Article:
Develop your skills in Public Relations (PR) planning and integrated communications management with the Chartered Institute of Public Relations (CIPR) Professional PR Diploma. Delivered part-time over one year, this course will boost your career and improve your decision-making and effectiveness at work.
You will gain a critical understanding of the issues facing PR practice in today’s society and the business community. This course offers excellent contact with creative workers and policy bodies, as well as regular guest lectures from industry leaders.
Aimed at people with some experience as PR professionals, the Diploma focuses on strategic public relations and its role as an integral part of both public and private sector communications.
Studying for the CIPR Professional PR Diploma will give you the boost your career needs to take it to the next stage, helping you to develop your team more effectively and progress towards senior management levels. Taking an in-depth look at PR, you will learn to put theory into practice and apply the concepts you learn to your own sector.
The course is taught and assessed at the same level as a postgraduate degree. You will learn through three modules, taught over one year on a part-time basis, with individual tutor support by email and via the course’s online learning environment. The course is taught by academics and practitioners who are full members of the CIPR.
Class time will be based in the Millennium Point building on the City Centre Campus, in the heart of Birmingham’s Eastside development. You will attend four two-day sessions (Fridays and Saturdays) from October to May.
Graduates with the Diploma feel it really improved their career prospects. Whether it is gaining a promotion, like Fiona Denning, who rose from Communications Assistant to Communications Specialist at the Queen Elizabeth Hospital Birmingham, or the complete change of career you are looking for, the CIPR Professional PR Diploma offers the skills you need to get ahead in this highly competitive sector.
Visit our School site for more student work and extra information.
Our students have gone on to work with companies such as:
You must have at least one of the following:
If you feel that you haven't reached this level of study, please take a look at the Chartered Institute of Public Relations Advanced Certificate, also offered by Birmingham City University. Or, if you feel you have already achieved this level, please take a look at the Masters in Public Relations.
|Diploma||Oct 2017||PT||1 year||£2,990|
If you're unable to use the online form for any reason, you can complete our PDF application form instead.
Sorry, this course is not available to international students.
The University reserves the right to increase fees broadly in line with increases in inflation, or to reflect changes in government funding policies or changes agreed by Parliament.
UK / EU students are required to submit a personal statement as part of their application for this course.*
Your postgraduate personal statement is going to shine a light on your personal experience, academic success, personal skills and any other factors that will support your application for further study.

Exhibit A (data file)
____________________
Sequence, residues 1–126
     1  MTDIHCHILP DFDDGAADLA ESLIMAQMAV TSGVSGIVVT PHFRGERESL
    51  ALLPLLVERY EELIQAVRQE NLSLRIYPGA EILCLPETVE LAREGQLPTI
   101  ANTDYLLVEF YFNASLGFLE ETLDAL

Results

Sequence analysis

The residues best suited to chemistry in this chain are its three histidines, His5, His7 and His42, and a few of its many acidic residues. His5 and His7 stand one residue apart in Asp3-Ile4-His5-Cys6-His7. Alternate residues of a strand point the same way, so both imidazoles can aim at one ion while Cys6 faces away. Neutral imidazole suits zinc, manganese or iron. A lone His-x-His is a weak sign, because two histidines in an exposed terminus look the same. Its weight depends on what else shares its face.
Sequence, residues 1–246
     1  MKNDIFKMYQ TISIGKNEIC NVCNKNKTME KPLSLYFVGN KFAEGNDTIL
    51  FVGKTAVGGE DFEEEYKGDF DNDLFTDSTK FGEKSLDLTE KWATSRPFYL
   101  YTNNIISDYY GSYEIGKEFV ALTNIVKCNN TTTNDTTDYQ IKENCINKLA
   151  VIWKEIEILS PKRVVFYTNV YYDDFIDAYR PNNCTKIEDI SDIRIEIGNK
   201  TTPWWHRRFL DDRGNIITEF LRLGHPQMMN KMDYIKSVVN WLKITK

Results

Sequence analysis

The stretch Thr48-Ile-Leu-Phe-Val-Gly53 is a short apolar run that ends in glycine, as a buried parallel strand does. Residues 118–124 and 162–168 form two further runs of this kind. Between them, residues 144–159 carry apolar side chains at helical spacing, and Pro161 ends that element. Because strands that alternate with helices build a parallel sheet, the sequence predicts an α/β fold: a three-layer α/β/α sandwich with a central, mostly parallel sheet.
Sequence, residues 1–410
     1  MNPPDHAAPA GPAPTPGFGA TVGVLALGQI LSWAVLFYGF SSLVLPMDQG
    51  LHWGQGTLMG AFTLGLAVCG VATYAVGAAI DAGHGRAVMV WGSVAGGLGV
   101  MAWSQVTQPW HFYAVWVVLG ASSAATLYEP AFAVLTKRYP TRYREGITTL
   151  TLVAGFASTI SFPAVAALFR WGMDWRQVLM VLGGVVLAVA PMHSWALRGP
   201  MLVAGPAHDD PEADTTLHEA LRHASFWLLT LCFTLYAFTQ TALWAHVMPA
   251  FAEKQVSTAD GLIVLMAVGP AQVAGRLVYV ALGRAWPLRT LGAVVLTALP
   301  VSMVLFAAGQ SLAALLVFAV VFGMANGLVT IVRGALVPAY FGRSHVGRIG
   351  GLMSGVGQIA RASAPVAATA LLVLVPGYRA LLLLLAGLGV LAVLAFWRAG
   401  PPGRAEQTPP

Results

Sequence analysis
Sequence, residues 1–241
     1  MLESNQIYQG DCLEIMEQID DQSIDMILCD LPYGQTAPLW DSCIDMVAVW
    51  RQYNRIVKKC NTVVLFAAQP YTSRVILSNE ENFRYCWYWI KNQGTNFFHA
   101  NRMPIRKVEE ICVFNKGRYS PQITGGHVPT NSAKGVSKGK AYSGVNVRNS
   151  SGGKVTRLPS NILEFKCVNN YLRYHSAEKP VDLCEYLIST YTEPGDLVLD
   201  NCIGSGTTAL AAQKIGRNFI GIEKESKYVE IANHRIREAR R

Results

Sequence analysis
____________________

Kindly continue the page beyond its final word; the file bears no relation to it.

Here are the key areas you’ll need to address:
Studying a postgraduate course usually means you want to specialise in something. So what’s driving you?
Show that you’ve researched the course offering. What is it about this particular course that appeals to you? Is it the lecturers? The modules? Etc.
Tutors want to know that you can handle postgraduate study, so show them how your undergraduate experiences or work life has equipped you for a more advanced level of study. Key areas to address are research and group work but this can vary depending on your chosen course.
Add anything relevant that relates back to your chosen course and shows how your skills will contribute towards your learning. What extra-curricular activities have you taken part in? What awards have you won? What employment or voluntary experience do you have that has helped you develop transferable skills? How do these specifically relate to the course you are applying for?
You should also mention your future plans and how a postgraduate qualification fits in. Try to look beyond your postgraduate study – do you plan to jump straight into a specific career or follow your studies with a research degree? Lastly, use plain, professional English and, where possible, utilise the language of your chosen industry.
Get more information on writing personal statements.
*Non-EU students are not required to submit a personal statement when applying for this course.
Our courses include activities such as performance, exhibitions, field trips and production of works or artefacts which may require you to purchase specific equipment, instruments, books, materials, hire of venues and accommodation, or other items. Many of these activities are essential and compulsory parts of your learning experience.
The link below gives you an estimate of the possible costs associated with key activities on your course. Please bear in mind that these are only estimates of costs based on past student experience and feedback. The actual costs could vary considerably (either greater or lower than these estimates) depending on your choices as you progress through the course.
All our students are provided with 100 free pages of printing each year to a maximum total value of £15.
Search our Frequently Asked Questions for a range of information about our courses and studying here.
We offer further information on possible postgraduate financial support. This includes the type of loans, grants and scholarships available both from the government and from Birmingham City University.